The numerical solution of the differential equation will enable you to plot the curves and illustrate the changes in desintegration rate of mother and daughter. In particular, you should look into the genetic scenarious suggested at the bottom of this page. Once you have code that enable you to calculate how much daughter you get as a function of time, you should use this to investigate graphically the genetic dependence of mother-daughter realtionships with respect of mother and daughter half-life scenarios.

From the analytical solution to the mathematical problem you can see how the half-lives of the two nuclei determine the genetic relationship. In particular you should notice and investigate how the fraction with the λs in front of A1 behaves for different combinations of mother and daughter half-lives. Likewise it is important to understand the role of the expression within the parenthesis - the "saturation factor". Work out the limit when t approches infinite!

As a concrete and also very important example, you should in particular investigate the 99Mo/99mTc-radionuclide generator. 99mTc is the most commonly used medical radionuclide in the world and the hospitals use generators with 99Mo attached to a column to produce the 99mTc.

We suggest that you write your program step by step and thoroghly check that each step works before you continue. You might want to follow the following path:

Step 1: Initialize parameters and get input parameters (amount and half-life of mother, half-life of daughter). You might also want to allow the user to specify the time interval to be modelled (keep careful track of the time units you use so you do not mix them up).

Step 2: Use both the analytically derived equation (approach A) and the numerical solution (approach B) to calculate the amount of mother and daughter (activity A1 and A2, respectivly) as a funcion of time. Store the results in two arrays 1000 elements long. You might find it convenient to also have a third array where you store the time for the respective elements in the two first arrays.

Step 3: Now you should plot your data. If you use a programing language that do not have good support for ploting, you might instead opt for generating a text file with the numbers to be plotted and import them into some appropriate plotting software. The plots should be semi-logaritmic (i.e. logaritmic scale along the y-axis, but not along the x-axis). Why do we want this? Your plots should have three different curves: 1) Sum of A1, A2, and background; 2) only A1; and 3) only A2. Both x- and y-axises should be appropriately labeled.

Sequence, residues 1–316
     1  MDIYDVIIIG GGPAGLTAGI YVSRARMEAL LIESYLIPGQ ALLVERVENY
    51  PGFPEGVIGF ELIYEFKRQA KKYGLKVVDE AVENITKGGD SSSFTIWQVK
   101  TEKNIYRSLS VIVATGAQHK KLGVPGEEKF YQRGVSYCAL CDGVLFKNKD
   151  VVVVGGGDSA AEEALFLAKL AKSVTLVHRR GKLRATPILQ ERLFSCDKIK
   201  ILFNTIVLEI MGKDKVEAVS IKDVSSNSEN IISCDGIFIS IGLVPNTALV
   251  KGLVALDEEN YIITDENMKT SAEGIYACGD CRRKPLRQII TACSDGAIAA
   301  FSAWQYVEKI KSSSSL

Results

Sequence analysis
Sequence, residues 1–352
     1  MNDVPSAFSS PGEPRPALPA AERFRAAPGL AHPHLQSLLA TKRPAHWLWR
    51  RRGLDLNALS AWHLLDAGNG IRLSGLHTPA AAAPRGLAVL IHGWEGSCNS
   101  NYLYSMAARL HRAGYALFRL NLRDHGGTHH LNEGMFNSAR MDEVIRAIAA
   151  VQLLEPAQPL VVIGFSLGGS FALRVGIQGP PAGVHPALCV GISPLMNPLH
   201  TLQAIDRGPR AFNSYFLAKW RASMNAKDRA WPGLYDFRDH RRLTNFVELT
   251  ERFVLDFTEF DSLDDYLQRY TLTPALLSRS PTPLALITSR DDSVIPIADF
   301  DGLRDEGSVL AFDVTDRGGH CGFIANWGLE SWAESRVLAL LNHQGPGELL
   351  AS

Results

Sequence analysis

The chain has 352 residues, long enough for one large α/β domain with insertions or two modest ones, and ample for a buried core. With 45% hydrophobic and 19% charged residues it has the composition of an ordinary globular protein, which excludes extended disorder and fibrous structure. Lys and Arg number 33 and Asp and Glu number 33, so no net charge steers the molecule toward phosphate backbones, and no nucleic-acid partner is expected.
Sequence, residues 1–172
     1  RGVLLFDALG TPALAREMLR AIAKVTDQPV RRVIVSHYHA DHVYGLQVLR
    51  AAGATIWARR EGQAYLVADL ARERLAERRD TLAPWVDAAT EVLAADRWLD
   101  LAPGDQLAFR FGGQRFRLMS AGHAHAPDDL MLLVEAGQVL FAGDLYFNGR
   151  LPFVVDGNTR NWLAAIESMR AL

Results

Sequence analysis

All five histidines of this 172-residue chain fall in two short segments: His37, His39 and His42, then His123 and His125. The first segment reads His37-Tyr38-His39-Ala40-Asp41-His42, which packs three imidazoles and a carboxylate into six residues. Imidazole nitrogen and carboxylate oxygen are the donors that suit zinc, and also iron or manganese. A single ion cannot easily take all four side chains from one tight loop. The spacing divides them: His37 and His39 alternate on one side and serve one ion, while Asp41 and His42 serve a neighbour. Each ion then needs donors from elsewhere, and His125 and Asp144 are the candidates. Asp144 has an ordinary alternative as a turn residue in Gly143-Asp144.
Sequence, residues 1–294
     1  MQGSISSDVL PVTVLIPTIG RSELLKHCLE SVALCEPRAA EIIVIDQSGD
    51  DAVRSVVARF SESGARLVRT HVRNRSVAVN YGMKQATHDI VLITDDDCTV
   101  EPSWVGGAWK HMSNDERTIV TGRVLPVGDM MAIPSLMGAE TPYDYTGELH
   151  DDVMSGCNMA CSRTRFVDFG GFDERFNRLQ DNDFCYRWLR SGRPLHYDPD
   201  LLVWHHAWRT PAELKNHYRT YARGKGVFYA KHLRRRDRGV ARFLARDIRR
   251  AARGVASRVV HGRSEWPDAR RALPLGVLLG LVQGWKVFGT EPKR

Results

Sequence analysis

Step 4: Add functionallity to your program that allow you to either print or generate picture-files of your plots, as you will need to include them in your final report. If this is not possible with your choice of programming language you can do screen dumps, but this is never a good solution (nearly always too low-res).

Extras: Optionally you can select to also add a constant "background count rate", as a nuclear detector always will be exposed to this and therefore will be present and must be handled in a real measurement situation (you will most likely use the simulation program later when you do exercises that actually measure radioactivity).

Tips:
• The timestep for the numerical solution needs to be small enough for the method to be precise.

## Investigate Genetic Scenarios

Now you can start using your program to learn more about radioactive decay! Investigate the following scenarios where you have a daughter nucleus genetically dependent on the mother:
• Short-lived mother, long-lived daughter (no equilibrium)
• Short-lived mother, short-lived daughter (no equilibrium)
• Relatively long-lived mother, short-lived daughter (transient equilibrium, T1/2(mother) >> T1/2(daughter)
• Very long-lived mother, short-lived daughter (seqular equilibrium, T1/2(mother > 104x T1/2(daughter))
• Examples of operation of a radionuclide generator, e.g. the 99Mo -> 99mTc generator. How much activity will you get after one, three and 10 daugher half-lives? What happens if you milk the generator two times in a row?